Providers, health plans and trade groups are calling on HHS agencies to slow down a push to put health data in patients' hands via third-party apps, citing privacy and implementation concerns.
Patient-facing apps are a key component of the CMS and the Office of the National Coordinator for Health Information Technology's companion interoperability and information-blocking proposals released in February. The rules outline how regulators will require insurers and providers to share medical data with patients. That could include using application programming interfaces that connect electronic health record systems with third-party apps.
Despite the ONC's efforts, privacy is still a core concern for the healthcare industry.
In comments to the CMS, Allina Health in Minneapolis suggested the agency create a certification program for APIs to reduce providers' potential liability and burden when they contract with app developers. It also recommended the CMS establish a safe harbor for providers sharing patient data through an API.
The American Hospital Association went a step further in a letter to the ONC, questioning whether encouraging patients to use tools not governed by HIPAA would lead patients to unintentionally cede control of their health data.
A third-party app that's not held to the same privacy standards as healthcare providers might be able to use health data in ways patients are not aware of, such as by monetizing it or use it to target advertisements, the association said.
HHS in April extended the public comment periods for both rules to June 3, a 30-day extension from the original deadline. At the time, ONC chief Dr. Don Rucker said that was largely due to confusion over whether providers could be held responsible for patients' health data use.
Under the ONC's rule, Rucker said patients would be able to decide what types of third-party apps to use to access their health data. And once a patient decides to share their protected health information with an app, the provider is not liable for subsequent use or disclosure of this data—so long as the app developer is not a business associate of the group.
Dr. Barbara L. McAneny, the American Medical Association's president, said the ONC's proposed rule could lead to patient information being shared with third parties in ways the patient didn't expect.
To address this gap in privacy protections, the AMA suggested the ONC should ask API technology suppliers to abide by specific privacy and industry guidelines, such as the Federal Trade Commission's best practices for mobile health app developers.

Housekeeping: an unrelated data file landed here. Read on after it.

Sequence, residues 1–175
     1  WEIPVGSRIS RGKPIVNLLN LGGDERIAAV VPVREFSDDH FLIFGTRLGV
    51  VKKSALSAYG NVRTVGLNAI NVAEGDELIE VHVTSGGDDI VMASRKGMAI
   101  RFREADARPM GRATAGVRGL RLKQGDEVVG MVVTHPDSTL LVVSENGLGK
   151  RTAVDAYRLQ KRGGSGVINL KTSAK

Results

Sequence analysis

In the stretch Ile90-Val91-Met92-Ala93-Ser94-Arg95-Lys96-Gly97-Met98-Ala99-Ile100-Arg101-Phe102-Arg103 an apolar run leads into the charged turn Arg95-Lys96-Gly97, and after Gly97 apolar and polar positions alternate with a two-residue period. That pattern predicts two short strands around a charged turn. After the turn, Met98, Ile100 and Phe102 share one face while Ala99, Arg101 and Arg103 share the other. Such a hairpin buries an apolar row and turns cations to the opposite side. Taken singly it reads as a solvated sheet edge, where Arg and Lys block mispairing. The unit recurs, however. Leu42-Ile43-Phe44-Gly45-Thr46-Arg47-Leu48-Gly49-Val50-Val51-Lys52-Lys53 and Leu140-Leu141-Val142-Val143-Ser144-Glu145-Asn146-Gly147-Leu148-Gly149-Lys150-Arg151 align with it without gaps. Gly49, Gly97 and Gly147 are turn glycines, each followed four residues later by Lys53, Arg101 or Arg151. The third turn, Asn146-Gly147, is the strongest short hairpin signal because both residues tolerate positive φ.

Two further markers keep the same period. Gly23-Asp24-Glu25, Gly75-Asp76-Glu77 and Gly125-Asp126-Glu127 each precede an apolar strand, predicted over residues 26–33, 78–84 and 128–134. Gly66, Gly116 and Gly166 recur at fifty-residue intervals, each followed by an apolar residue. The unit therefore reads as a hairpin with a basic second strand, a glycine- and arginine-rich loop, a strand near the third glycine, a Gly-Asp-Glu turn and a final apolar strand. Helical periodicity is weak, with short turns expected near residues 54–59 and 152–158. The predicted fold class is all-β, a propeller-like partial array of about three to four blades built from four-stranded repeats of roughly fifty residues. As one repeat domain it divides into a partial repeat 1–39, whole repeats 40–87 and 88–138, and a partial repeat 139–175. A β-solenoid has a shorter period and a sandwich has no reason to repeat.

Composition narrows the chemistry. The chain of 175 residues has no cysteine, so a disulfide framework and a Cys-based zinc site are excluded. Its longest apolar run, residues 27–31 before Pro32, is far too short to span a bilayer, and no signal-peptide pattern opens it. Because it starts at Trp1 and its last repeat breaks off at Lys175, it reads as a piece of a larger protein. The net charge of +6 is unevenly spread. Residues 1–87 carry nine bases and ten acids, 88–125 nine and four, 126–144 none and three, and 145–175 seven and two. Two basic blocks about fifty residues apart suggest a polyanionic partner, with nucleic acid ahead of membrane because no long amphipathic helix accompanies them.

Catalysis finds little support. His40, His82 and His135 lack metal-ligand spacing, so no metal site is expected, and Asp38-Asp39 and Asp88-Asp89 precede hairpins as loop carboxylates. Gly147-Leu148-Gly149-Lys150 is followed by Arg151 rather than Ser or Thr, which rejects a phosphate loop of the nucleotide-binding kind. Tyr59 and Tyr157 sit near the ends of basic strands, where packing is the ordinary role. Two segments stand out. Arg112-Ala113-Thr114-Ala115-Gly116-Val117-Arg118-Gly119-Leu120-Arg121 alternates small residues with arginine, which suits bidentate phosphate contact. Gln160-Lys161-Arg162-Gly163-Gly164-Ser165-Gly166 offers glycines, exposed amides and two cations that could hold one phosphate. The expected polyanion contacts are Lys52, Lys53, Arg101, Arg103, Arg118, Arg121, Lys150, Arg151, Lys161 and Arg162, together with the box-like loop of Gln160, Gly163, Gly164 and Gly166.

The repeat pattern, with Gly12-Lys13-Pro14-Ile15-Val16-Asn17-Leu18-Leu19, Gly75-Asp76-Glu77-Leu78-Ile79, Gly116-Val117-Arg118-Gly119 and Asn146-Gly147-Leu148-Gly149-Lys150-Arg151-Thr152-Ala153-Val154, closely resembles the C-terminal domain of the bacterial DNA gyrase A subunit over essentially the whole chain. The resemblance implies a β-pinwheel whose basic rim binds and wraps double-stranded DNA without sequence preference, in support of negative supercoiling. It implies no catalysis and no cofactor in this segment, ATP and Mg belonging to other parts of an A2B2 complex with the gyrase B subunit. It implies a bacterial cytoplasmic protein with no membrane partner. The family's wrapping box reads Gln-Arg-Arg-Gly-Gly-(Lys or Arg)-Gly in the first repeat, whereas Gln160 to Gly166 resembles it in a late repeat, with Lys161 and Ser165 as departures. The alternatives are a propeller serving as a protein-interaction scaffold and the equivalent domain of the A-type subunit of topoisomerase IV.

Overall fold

Developing a privacy framework that goes hand-in-hand with the proposed rules would also help to address patient privacy concerns, six former ONC chiefs wrote in a joint comment to the agencies. They suggested the CMS and the ONC work with the private sector to create a companion framework that protects patient privacy and ensures patients understand how their data is being used.
Still, the six authors offered "enthusiastic support for the proposed rules," and called the CMS' plan to expand APIs to health plans "game-changing." That's why the former national coordinators emphasized the agencies should implement the proposed rules "as quickly as possible," while designing the framework in parallel.
But not everyone agreed with this call to action and many healthcare groups called on the agencies to publish interim rules and push back implementation timelines.
Healthcare groups were particularly concerned about the timeline for payers to begin using APIs. Under the CMS' rule, payers would begin offering patients access to claims and other data via APIs beginning in 2020.
Spectrum Health in Grand Rapids, Mich., urged the CMS to delay this mandate by several years to give payers more time to meet the requirements, arguing that providers had multiple years to implement and comply with data-sharing standards under the Medicare and Medicaid EHR Incentive Programs, now dubbed Promoting Interoperability.
"CMS must work with effected stakeholders to ensure that appropriate guardrails are in place to prevent unintended consequences for how public and private health plan data is accessed, shared and acted upon," Spectrum Health wrote in its comments.
United Health and the not-for-profit Sequoia Project also requested delays of 12 to 18 months at least.
The Alliance of Community Health Plans suggested the CMS issue an interim final rule to clarify what data payers will be required to share with patients via APIs and how the mandate will be enforced. The trade group also requested at least 18 months from the final rule's publication to prepare for compliance.
"For payers, significant resources will be necessary to collect data from numerous sources and conform them into a data set that could supply an API," ACHP wrote, noting payers tend to have data spread across multiple payer platforms and provider systems. "Constructing these APIs is a non-trivial undertaking."